It is easy to wonder what to do with this unique seasoning,
but once used you may find it is more useful than unusual, more tasty
than tricky, and as versatile as the herb that seasons it. It is
made from our dried lavender flowers or dried rosemary and French Grey Sea Salt.
A flavor for meat:
Lavender Salt and Rosemary Salt are delicious accompaniments to most meats. Lamb, chicken,
and beef (recently tested at a Farmer's Market event) are delicious when started
with a salt rub or finished with a sprinkle. One chef we
know likes to use a small pinch of lavender salt on a 1/4 pound salmon
steak before cooking.
In any case, keep it on your table.
You never know when you are going to need a little salt on your stir
fry, in your winter soup, or to help out your morning eggs. Avocado
also does well with a little crushed garlic and lavender salt, as
do tomatoes. Salad greens love the kiss of this high mineral salt
and hearty floral herb.
If it would taste good with rosemary, it is probably good with lavender
salt or rosemary salt. Potatoes roast to perfection when lightly coated with olive
oil and sprinkled with a layer of lavender or rosemary salt in a roasting pan.
At 375 degrees, I just leave the salt on top until about 30 minutes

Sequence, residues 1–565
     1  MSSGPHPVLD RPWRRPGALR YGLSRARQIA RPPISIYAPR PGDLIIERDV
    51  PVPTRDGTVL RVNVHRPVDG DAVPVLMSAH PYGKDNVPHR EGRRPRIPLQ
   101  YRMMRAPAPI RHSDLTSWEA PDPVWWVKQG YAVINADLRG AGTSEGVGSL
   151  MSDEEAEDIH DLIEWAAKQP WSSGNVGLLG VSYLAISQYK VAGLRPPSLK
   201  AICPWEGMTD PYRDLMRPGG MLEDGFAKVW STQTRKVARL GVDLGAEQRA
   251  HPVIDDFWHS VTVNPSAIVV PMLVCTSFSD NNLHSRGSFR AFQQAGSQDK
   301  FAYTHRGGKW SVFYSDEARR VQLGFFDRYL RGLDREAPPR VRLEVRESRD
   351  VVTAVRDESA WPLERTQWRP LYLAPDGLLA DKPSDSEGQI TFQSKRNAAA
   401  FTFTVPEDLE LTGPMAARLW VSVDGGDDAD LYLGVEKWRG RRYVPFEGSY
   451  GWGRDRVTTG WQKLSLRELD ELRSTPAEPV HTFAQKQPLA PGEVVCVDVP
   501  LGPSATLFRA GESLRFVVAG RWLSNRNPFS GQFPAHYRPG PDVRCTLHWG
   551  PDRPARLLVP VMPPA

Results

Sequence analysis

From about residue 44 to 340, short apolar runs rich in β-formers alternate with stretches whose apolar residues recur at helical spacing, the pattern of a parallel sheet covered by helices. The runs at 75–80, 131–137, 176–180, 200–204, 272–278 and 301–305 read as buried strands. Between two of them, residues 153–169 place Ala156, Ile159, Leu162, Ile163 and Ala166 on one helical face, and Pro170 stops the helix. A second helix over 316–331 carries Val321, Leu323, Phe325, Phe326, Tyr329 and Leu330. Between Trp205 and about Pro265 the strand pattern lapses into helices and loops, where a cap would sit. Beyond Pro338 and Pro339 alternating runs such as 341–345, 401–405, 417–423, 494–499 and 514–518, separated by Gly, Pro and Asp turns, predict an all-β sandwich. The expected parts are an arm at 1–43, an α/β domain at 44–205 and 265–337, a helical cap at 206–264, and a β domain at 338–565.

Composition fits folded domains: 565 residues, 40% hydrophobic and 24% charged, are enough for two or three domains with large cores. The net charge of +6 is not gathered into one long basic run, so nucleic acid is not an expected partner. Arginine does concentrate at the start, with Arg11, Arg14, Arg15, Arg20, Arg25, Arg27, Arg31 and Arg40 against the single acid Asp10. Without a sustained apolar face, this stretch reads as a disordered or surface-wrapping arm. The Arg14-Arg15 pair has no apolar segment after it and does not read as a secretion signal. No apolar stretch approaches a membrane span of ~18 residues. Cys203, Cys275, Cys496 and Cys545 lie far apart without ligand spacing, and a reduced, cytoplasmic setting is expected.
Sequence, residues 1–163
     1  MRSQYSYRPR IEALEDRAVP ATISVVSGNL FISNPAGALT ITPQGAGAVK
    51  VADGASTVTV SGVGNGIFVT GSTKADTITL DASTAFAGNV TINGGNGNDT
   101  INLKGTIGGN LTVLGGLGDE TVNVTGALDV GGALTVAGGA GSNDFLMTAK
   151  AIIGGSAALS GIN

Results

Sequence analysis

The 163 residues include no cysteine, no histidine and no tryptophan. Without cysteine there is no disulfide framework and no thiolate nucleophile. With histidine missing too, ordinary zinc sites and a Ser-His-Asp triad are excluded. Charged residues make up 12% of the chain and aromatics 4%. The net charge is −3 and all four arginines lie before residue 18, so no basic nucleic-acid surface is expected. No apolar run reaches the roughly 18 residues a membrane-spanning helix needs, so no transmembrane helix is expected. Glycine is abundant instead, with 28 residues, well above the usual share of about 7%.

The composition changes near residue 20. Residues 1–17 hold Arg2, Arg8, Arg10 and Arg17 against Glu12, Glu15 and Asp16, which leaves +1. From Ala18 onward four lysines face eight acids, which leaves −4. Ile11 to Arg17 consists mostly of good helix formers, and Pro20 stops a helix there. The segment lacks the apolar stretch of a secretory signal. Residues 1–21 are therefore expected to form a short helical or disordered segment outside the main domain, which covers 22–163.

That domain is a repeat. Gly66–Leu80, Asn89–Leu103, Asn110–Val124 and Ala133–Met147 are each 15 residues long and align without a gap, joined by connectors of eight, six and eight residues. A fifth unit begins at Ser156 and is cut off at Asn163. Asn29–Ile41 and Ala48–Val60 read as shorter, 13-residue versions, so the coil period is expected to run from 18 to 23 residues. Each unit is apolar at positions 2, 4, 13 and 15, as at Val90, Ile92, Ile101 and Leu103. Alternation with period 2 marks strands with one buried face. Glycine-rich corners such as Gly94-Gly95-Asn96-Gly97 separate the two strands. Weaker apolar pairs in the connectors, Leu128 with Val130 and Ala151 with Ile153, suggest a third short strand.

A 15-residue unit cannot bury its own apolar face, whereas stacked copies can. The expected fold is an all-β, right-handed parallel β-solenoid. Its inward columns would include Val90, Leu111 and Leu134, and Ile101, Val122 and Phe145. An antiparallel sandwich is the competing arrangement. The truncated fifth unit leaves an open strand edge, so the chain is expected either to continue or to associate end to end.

into the cooking, at which point I stir then roast until they melt
in my mouth (about 1 hour total).
Not just for the kitchen!
When you are tired of using it for your cooking, why not make a relaxing,
soothing bath to ease any and all stresses. It is a good idea to make
sure you have more on hand, since a bath may use up a lot of your jar (depending on how strong you make your bath). Try a couple tablespoons
to start. Note that these salts will not dissolve completely, and the herbs may clog drains. Make sure you have a drain trap in before you let out the water!
Make the miscellaneous magnificent:
Garlic bread, popcorn, pesto, ratatouille, jambalaya, and putanesco
sauce (and maybe even the rim of a margarita glass when ground smaller
with mortar and pestle) taste great with lavender salt, while omelet's,
casseroles, and sandwiches become provincial treats.